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Astronomers Detect Highly Variable Magnetic Field around Source of Repeating Fast Radio Burst

The highly variable magnetic field around the source of FRB 20190520B. Image credit: Di Li / ScienceApe / CAS.Galaxy

“Our findings bring us closer to solving the enigma of FRBs and help us to uncover new insights into some of the most extreme environments in the Universe,” said Dr. Shi Dai, an astronomer at Western Sydney University, the National Astronomical Observatories at the Chinese Academy of Sciences and CSIRO.

“We know that FRBs originate from sources in distant galaxies. This makes FRBs unique tools to probe a range of astrophysics, such as missing matter in between galaxies, the expansion of the Universe, and astrophysics in dense and highly magnetised environments.”

Dr. Dai and colleagues observed the repeating FRB 20190520B over a 17-month period using CSIRO’s Parkes radio telescope and the Green Bank Telescope.

They found that the source of FRB 20190520B is surrounded by dense plasma that is not only highly magnetised but also highly turbulent, with the direction of the magnetic field changing twice during this period — a phenomenon never observed before.

“FRB 20190520B is one of a rare class of FRBs found to repeat,” Dr. Dai said.

“First discovered by the FAST telescope, FRB 20190520B is not only active but more importantly can be detected over a wide radio frequency window, which enables us to use the most advanced radio instruments, such as Parkes and its ultra-wideband receiver, to carry out detailed studies.”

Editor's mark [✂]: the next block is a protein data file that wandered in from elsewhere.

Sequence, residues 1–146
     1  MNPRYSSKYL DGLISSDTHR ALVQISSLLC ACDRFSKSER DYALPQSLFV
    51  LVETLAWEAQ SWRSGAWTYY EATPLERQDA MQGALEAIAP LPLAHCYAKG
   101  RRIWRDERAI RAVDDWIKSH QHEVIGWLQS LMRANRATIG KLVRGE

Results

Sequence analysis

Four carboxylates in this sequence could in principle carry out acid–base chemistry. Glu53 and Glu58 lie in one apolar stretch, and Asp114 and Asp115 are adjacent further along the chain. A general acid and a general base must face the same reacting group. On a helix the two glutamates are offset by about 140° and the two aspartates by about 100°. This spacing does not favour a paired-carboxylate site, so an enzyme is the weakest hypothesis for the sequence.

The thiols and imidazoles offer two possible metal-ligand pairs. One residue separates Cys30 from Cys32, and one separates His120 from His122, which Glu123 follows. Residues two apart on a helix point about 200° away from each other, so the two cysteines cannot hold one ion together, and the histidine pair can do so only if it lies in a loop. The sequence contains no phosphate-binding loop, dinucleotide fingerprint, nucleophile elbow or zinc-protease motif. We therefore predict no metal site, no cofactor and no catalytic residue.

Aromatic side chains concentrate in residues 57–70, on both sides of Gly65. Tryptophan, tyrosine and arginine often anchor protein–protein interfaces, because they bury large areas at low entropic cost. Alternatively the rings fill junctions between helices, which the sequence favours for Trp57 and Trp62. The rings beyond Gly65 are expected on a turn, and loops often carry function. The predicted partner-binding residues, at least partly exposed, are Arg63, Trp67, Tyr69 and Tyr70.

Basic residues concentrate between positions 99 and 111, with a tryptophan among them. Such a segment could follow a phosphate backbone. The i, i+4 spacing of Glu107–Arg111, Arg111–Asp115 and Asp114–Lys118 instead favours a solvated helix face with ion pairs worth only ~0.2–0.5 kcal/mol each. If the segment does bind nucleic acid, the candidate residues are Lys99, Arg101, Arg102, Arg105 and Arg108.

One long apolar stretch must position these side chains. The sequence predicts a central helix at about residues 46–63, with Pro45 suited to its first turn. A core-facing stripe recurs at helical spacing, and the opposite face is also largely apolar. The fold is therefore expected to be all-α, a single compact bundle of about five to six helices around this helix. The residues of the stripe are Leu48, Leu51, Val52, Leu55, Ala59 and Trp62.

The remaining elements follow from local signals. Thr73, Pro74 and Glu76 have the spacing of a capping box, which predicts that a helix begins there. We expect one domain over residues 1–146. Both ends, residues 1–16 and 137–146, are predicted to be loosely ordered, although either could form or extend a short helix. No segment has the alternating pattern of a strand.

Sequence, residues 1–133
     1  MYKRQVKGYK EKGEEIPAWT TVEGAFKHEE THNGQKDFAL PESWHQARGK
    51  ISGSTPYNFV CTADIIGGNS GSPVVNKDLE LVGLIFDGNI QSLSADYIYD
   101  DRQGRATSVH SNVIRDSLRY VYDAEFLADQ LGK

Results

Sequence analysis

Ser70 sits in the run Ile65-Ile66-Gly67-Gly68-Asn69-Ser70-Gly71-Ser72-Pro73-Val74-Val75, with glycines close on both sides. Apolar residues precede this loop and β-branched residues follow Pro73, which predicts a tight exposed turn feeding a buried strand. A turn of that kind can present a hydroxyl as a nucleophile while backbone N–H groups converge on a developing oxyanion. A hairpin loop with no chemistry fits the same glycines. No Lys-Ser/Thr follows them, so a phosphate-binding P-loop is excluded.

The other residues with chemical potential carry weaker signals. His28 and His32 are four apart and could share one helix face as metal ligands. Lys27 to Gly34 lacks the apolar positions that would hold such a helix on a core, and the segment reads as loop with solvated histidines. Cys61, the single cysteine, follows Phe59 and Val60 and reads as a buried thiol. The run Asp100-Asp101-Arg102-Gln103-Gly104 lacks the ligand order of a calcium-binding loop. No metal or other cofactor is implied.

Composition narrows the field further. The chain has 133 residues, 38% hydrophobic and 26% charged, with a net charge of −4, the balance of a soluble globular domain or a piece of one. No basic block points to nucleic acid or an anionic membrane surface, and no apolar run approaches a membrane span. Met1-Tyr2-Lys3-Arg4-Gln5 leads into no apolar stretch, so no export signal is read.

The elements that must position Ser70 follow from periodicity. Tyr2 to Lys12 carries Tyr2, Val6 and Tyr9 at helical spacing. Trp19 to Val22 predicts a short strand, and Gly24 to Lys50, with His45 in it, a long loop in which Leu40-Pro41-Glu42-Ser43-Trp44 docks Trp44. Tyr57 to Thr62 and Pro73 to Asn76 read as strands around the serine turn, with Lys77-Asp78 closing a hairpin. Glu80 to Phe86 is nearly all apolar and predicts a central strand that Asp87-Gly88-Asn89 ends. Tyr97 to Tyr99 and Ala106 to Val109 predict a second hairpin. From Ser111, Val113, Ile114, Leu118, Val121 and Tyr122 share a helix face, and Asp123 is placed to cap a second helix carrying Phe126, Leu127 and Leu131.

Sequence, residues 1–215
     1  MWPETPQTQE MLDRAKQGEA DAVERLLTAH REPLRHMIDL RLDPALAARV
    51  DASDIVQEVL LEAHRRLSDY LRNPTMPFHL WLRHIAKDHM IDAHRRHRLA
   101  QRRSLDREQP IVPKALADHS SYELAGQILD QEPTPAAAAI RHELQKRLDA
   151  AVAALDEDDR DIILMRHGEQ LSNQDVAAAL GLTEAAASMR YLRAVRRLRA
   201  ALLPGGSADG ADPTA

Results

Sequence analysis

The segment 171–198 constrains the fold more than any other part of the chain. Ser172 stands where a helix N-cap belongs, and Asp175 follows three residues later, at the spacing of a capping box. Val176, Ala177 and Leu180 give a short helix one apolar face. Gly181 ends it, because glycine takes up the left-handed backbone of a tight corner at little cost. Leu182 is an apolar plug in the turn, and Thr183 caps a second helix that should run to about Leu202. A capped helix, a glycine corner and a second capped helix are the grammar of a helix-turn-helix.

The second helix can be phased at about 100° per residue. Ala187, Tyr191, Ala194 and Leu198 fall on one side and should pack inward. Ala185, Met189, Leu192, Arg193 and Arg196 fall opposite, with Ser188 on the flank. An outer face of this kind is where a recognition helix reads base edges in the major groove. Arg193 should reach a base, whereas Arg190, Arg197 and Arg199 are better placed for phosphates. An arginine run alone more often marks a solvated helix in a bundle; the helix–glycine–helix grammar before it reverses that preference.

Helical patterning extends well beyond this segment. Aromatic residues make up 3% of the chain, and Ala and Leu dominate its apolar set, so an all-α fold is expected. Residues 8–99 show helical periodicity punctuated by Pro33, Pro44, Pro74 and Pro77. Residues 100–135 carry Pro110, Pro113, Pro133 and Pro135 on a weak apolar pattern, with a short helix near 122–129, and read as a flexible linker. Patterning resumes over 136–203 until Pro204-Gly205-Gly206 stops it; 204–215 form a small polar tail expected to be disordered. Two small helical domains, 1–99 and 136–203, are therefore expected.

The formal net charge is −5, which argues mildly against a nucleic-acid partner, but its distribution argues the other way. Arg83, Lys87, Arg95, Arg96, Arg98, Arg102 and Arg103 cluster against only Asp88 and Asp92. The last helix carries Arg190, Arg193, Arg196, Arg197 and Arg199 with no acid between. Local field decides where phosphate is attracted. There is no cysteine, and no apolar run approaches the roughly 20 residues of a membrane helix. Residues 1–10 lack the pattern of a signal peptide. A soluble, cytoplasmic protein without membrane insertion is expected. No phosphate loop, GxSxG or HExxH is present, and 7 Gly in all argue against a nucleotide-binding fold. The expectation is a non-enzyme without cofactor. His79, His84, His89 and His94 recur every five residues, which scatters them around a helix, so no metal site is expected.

Over the course of the study, the astronomers detected more than 100 bursts from FRB 20190520B, and successfully detected polarised emission in 13 bursts.

Significantly, these polarised bursts revealed the direction of a magnetic field around the source of FRB 20190520B changed twice during this short period of time.

“A total of 113 bursts from FRB 20190520B were detected by the Parkes radio telescope, exceeding the sum of the number of fast radio bursts previously discovered at Parkes, accentuating the value of FRB 20190520B,” Dr. Dai said.

“Our interpretation of the finding is connected to changes in the parallel component of the integrated magnetic field along the line-of-sight, including reversals,” said Western Sydney University’s Professor Miroslav Filipovic.

“The change of the direction of the magnetic field put some strong constraints on the origin of this FRB.”

“It requires that the source of FRB is moving relative to a large-scale magnetic field.”

“One of the possibilities that we proposed is that the FRB source is a binary system with a star, which has strong stellar wind with a strong magnetic field.”

“As the FRB source orbits the star, it moves in and out from the wind, which can explain our observations.”

The astronomers now plan to conduct further observations of the FRB utilising the Parkes radio telescope and other instruments to better understand the object’s nature.

“The binary-system model for FRBs can be tested with future observations since we expect the observational features to repeat periodically if the source really is in a binary system,” Dr. Dai said.

“Our work delivered one of the clearest pictures of the source of fast radio bursts, which will have profound implications on our understanding of FRBs and their origin.”

Category: Technology

Source: Sci News

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